August 25 – A brave British nurse has been flown back from Africa after contracting the Ebola virus while caring for patients in Sierra Leone. The nurse, identified as William Pooley, was under the care of a special containment ward in the Royal Free Hospital, London. Official sources said he was “not seriously unwell” at the time of his transfer back to the UK.
The Daily Telegraph quoted him as saying, before going out: “It’s the easiest situation in the world to make a difference. I’m not particularly experienced or skilled, but I can do the job and I am actually helping.”
Mr Pooley was praised by senior nurses for his commitment to the care of infected patients. He had travelled to the country to work in a hospice but volunteered to care for patients affected by the Ebola outbreak.
Royal College of Nursing chief executive Dr Peter Carter said: “William Pooley demonstrated incredible bravery and commitment in volunteering to provide nursing care in Sierra Leone for those with Ebola, and we wish him a speedy recovery.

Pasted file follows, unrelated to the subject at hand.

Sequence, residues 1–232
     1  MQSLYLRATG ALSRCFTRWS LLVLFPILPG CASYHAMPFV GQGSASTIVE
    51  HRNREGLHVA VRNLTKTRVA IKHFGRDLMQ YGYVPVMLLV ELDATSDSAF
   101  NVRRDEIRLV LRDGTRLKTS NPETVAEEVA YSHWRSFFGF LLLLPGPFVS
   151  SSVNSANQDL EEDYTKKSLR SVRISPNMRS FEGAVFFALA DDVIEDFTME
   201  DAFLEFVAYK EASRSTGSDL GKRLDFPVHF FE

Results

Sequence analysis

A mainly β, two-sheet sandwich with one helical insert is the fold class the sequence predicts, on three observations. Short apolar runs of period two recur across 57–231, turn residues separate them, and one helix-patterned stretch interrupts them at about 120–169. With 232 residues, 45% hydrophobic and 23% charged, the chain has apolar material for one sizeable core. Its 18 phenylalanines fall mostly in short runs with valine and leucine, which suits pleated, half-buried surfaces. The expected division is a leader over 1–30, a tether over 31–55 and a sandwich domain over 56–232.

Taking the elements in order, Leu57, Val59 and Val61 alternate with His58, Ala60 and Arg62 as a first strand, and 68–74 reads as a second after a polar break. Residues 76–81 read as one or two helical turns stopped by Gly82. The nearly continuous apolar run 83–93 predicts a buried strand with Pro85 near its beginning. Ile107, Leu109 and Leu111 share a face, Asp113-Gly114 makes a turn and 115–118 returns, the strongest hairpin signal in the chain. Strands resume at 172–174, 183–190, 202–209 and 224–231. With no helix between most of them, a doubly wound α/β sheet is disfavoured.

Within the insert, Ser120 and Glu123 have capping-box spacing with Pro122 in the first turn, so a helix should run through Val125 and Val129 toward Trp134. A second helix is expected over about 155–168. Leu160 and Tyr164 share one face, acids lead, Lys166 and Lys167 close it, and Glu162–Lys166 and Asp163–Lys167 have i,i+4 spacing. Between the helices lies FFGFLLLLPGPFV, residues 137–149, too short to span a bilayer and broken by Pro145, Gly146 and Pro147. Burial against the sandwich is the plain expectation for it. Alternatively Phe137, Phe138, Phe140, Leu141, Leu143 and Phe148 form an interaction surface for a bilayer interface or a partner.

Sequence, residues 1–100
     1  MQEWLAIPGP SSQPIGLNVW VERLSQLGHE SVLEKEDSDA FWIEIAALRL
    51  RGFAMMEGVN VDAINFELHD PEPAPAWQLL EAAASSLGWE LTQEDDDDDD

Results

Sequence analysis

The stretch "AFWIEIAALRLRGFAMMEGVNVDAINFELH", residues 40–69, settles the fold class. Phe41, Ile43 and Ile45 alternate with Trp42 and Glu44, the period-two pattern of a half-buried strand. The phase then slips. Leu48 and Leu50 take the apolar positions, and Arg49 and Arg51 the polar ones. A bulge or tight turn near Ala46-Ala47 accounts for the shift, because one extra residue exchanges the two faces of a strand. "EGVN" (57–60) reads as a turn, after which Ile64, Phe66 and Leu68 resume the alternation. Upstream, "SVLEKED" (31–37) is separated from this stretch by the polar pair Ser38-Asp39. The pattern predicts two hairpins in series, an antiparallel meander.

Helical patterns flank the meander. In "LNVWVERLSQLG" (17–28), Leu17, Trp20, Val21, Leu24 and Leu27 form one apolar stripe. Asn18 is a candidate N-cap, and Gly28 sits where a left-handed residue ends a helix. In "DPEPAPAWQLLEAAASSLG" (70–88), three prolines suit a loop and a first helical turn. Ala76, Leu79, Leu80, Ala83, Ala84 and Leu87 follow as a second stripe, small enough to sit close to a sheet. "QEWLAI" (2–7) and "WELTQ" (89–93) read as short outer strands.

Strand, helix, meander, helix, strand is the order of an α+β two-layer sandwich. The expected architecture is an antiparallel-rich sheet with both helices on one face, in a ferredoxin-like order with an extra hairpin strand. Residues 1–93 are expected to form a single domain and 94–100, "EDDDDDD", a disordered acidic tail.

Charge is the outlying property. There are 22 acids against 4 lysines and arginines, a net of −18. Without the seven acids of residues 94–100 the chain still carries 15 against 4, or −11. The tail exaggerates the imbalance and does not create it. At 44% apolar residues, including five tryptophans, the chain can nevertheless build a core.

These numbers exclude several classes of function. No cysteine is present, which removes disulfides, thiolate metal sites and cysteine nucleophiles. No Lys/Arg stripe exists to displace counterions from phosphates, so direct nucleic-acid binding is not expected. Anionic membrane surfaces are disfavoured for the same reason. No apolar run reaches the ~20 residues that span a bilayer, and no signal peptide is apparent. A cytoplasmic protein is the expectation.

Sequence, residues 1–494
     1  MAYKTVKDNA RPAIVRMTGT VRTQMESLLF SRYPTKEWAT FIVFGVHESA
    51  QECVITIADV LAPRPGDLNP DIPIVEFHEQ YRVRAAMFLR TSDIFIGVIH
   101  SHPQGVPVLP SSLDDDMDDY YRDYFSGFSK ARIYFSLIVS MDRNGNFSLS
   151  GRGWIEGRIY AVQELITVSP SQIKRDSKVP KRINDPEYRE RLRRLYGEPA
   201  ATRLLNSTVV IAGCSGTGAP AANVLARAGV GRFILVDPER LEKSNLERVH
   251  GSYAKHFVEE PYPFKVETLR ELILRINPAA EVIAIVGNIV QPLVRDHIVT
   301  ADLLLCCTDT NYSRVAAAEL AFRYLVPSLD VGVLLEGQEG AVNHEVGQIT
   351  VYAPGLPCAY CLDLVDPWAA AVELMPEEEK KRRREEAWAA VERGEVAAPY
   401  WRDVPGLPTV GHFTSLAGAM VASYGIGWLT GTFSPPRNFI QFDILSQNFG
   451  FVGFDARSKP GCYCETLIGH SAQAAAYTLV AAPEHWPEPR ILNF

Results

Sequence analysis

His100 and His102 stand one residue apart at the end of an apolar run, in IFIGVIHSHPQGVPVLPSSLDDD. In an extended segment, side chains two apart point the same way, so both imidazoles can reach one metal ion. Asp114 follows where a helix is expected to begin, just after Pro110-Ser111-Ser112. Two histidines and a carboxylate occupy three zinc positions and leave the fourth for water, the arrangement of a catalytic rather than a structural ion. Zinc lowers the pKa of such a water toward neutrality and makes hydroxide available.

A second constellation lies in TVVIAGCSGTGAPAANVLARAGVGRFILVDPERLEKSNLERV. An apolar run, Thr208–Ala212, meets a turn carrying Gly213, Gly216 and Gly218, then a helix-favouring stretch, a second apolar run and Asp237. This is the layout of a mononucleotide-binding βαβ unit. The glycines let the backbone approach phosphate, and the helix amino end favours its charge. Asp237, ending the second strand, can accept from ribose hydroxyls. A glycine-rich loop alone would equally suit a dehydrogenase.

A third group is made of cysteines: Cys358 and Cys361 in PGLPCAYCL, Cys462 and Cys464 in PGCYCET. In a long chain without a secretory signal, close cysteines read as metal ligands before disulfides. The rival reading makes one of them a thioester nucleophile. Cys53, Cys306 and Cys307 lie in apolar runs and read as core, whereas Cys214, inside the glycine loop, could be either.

“The dedication of frontline health care workers like William is essential for containing the spread of this virus. The risks they face are considerable but they are doing the best they can for their patients.”
Dr Bob Winter, National Clinical Director for Emergency Preparedness and Critical Care for NHS England, said: “NHS England, together with PHE, the Department of Health and other key stakeholders has been working hard over the past few weeks to ensure any patient who contracts Ebola and needs to be repatriated to the UK receives the best possible care and treatment.
“The NHS has a special unit at the Royal Free in London which is well prepared to receive this patient.”
The World Health Organisation said international health workers had been “essential” in helping local workers in west Africa to tackle the virus. Some 130 health workers in the affected countries have died and another 95 fallen ill. WHO has some 400 workers in the region.